Environmentally durable frit fusion seals 24 are lead zinc borate glass frit fusion seals that are filled with a phase inverting mill addition, such as a pyrophosphate mill addition. Preferably fiber grating 22 is attached under tension to substrate 20 with glass frit fusion seal 24 at a frit bonding temperature in the ranges from 405° C. to 440° C. Preferably fusion seal 24 has a frit bonding sealing temperature in the range from 410° C. to less than 430° C., most preferably from 420° C. to less than 430° C. Such lead zinc borate glass frit fusion seals 24 preferably form a bond with fiber grating 22 which has a pull strength of at least 2 lb., and preferably greater than 3 lb.

As shown in FIG. 2, athermalized optical fiber Bragg grating waveguide device 19 includes a packaging container 28. To better illustrate device 19, in FIG.2 the top cover of container 28 is not in place and the front side wall has been cut away. The refractive index grating in fiber Bragg grating 22 is depicted by the perpendicular lines that extend beyond the fiber and its core. Fiber Bragg grating 22 is contained within container 28 with fiber ends 21 of fiber grating 22 extending through the end walls of container 28 so they can be connected with optical fibers of an optical fiber system. In a preferred embodiment container 28 containing fiber grating 22 athermalized with substrate 20 is a non-hermetic packaging container. The preferred non-hermetic packaging container is VECTRA® liquid crystal polymer container. Such packaging of device 19 is non-hermetic in that humidity (H2O molecules) from outside of closed container 28 can enter into the interior of container 28 and come into contact with fiber grating 22, substrate 20, and frit fusion seals 24 and the other contents in the package. In a alternative embodiment container 28 is a hermetic packaging container, such that the fiber grating, substrate and frit seal are hermetically contained and sealed within container 28 and H2O molecules and other gases are inhibited from entering the container from the outside. Such a hermetic container is a gold covered KOVAR® container. Reference is made to PCT/US 98/20042 (Bookbinder 10)(U.S. Prov. No. 60/061,688-filed Oct. 10, 1997) which is incorporated herein by reference as though fully set forth in its entirety for a more detailed explanation of container 28 and the packaging of fiber grating 22, substrate 20, and frit fusion seals 24 within such a housing container and isolation from the housing container.

The invention includes a method of making an environmentally stable athermalized fiber grating waveguide device for use in an optical waveguide deployment environment, with the method including the steps of providing an optical fiber grating which operates on light centered about a wavelength λ and environmentally stabilizing a negative thermal expansion beta-eucryptite glass-ceramic substrate. The method includes attaching optical fiber grating 22 under tension to environmentally stabilized glass-ceramic substrate 20 with a environmentally durable lead zinc borate glass frit fusion seal wherein substrate 20 compensates for thermally induced wavelength shifts in fiber grating 22 and wavelength λ varies less than +/−0.015 nm when exposed to a humid environment.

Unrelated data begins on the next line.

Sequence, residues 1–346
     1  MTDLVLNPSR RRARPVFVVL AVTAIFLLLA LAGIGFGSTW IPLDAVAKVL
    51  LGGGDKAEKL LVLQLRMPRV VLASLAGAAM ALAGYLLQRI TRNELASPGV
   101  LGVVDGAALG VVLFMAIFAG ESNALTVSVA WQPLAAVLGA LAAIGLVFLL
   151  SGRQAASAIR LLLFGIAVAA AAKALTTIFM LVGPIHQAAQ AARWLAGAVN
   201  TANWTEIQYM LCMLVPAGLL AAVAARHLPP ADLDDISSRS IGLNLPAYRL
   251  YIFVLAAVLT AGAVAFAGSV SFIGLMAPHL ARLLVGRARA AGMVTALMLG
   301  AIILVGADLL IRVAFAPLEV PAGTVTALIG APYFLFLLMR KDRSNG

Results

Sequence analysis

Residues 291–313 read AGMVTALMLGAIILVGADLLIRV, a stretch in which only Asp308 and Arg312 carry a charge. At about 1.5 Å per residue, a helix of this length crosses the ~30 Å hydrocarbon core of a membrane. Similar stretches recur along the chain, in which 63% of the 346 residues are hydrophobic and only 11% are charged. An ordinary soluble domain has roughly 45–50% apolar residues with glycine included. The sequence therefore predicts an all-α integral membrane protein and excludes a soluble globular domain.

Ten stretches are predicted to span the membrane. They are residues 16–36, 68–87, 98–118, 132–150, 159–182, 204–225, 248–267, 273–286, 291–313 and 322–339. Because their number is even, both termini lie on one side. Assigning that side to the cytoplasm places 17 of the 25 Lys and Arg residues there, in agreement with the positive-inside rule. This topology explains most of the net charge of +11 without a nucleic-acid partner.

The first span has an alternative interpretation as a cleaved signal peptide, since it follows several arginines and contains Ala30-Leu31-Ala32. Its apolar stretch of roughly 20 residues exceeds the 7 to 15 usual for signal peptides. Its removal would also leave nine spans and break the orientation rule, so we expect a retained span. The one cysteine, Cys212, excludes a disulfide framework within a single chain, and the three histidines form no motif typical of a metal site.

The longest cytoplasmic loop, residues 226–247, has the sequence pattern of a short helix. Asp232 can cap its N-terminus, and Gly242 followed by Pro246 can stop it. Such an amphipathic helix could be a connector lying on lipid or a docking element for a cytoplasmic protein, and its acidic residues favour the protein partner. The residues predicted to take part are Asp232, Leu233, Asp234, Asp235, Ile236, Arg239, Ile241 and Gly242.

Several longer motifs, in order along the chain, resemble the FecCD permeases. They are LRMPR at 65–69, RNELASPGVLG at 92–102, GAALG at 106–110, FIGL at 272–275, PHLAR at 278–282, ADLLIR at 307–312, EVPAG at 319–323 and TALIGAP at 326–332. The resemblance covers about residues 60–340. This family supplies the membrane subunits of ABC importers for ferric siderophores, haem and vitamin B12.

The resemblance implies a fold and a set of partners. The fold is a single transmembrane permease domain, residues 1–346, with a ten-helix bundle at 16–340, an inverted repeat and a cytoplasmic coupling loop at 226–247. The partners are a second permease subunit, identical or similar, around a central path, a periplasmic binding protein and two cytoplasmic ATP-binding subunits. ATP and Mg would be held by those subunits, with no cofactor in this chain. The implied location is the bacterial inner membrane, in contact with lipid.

Environmentally stabilizing substrate 20 includes providing a dimensionally unstable substrate, submerging the substrate in a liquid bath containing water, then exposing the substrate to a humid treatment atmosphere and then drying the exposed substrate. Environmentally stabilizing substrate 20 includes providing a dimensionally unstable microcracked substrate having microcracks with lengths and crack tips, driving these microcracks to increase their lengths, and then sealing the microcrack crack tips. Preferably such exposing and sealing includes exposing the substrate to a humid atmosphere having a relative humidity of at least 80 % In a preferred embodiment environmentally stabilizing includes boiling the provided substrate for at least 3 hours in deionized water, drying at 200° C. for at least 12 hours in a drying atmosphere (low, near zero humidity air), then exposing the substrate for at least 5 days to a damp heat atmosphere (≧80° C./≧80% relative humidity), then dried for at least 12 hours in a drying atmosphere at 100° C. An alternative embodiment of environmentally stabilizing comprises using a liquid bath containing water at a temperature below 50° C. to drive the microcracks prior to sealing crack tips with a humidity treatment. Reference is made to concurrently filed U.S Patent Application Provisional No. 60/130,896, filed Apr. 23, 1999, METHOD OF MAKING STABILIZED NEGATIVE THERMAL EXPANSION OPTICAL WAVEGUIDE SUBSTRATE AND A GLASS-CERAMIC SUBSTRATE, by Webb et al. which is incorporated herein by references as though fully set forth in its entirety for a more detailed explanation of stabilizing and stabilized substrates 20.

Attaching fiber Bragg grating 22 to substrate 20 includes processing lead zinc borate glass frit fusion seals 24 at a temperature in the range from 405° C. to 440° C. Preferably such processing of seals 24 includes heating the glass frit fusion seal to a temperature in the range from 410° C. to less than 430° C., and more preferably 420° C. to less than 430° C., and most preferably at a temperature of about 425° C. Such heat processing preferably results in forming a glass frit fusion seal to fiber grating bond that has a pull strength greater than 2 lb, preferably ≧3 lb.

The method preferably includes enclosing attached fiber grating 22, substrate 20, and glass frit fusion seals 24 in a non-hermetic packaging container 28, in which humidity can enter into the enclosed container from outside of the container. In an additional embodiment, the method includes hermetically sealing attached fiber grating 22, substrate 20, and glass frit fusion seals 24 within a hermetic packaging container 28.